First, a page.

Saturday, June 20, 2009

Jane: Interesting article

I just read an interesting and well-written article in the New Yorker (which I get from the library--I think I'm the only one who reads it!) called "The Cost Conundrum," and it's about the cost of health care. The author, regular New Yorker reporter and physician Atul Gawande, goes to a town in Texas that has the nation's highest health care costs. This is what he says:

In 2006, Medicare spent fifteen thousand dollars per enrollee here, almost twice as much as the national average. The income per captia is twelve thousand dollars. In other words, Medicare spends three thousand dollars more per person than the average person earns.
Why is it so high? Gawande finds out, from much research in town and from studies, it's because the doctors in the town operate like individual entrepreneurs, who are looking to "increase their high-margin work and decrease their low-margin work." The "high-margin" work--stuff that makes them the most money--is things like expensive tests and surgery. It doesn't necessarily lead to healthier people. So the town is less healthy than other towns, and it's paying more.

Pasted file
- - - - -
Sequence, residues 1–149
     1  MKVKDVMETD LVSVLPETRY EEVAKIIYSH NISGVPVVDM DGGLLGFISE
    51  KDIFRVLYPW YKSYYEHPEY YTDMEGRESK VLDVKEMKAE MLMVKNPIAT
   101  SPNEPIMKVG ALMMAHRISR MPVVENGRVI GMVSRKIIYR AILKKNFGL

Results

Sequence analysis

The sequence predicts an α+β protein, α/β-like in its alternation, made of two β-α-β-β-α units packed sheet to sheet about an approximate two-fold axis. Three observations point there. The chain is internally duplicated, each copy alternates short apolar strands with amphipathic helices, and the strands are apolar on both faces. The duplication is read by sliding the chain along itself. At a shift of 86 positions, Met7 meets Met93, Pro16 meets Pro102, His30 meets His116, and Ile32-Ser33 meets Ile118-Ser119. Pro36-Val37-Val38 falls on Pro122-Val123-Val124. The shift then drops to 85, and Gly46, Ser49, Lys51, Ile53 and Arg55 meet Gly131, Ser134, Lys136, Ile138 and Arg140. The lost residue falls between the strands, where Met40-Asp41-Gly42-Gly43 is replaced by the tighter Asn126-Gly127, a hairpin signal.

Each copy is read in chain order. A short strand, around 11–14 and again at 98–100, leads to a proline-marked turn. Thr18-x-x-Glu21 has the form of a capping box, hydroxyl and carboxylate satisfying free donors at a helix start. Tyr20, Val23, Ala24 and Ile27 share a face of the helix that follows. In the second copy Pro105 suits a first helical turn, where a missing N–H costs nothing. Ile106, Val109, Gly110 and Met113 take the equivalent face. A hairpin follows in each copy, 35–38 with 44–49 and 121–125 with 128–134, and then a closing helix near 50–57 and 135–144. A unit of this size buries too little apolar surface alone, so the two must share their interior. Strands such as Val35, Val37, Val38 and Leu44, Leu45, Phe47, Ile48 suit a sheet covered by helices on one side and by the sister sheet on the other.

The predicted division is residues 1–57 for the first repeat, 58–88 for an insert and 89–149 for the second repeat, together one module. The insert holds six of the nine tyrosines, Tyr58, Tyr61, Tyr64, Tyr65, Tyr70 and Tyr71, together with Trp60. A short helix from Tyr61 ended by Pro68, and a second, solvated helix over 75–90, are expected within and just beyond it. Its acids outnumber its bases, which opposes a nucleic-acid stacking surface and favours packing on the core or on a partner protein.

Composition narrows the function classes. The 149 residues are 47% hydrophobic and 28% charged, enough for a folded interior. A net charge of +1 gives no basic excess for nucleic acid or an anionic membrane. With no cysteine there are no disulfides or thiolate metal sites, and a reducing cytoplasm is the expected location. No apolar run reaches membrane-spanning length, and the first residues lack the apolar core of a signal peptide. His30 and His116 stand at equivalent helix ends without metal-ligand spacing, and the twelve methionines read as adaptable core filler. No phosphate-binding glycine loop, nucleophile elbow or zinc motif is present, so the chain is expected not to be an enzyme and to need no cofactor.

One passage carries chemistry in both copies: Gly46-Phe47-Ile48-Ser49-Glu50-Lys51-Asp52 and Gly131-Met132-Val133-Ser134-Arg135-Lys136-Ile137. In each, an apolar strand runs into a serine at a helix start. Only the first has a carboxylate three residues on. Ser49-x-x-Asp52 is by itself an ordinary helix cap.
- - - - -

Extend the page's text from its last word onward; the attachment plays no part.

Gawande points out much better models, like the way things are run in Rochester MN, where Mayo's located. There, doctors work together to provide the best care, rather than working as individuals to make the best money. Those two models are two ways our country might go in the future--which would you like??

I hope you'll look at the article. It's very readable, and gives you some idea of what would make a successful health care approach.


T-Mom said...

I hope the guys on the Hill read the article!

Steve said...

I've read the article, too. It's very illustrative, but the author is cautious to point out it's not a simple solution.

The Article and the research on which it is based have received a lot of attention, not the least of which from the Hill.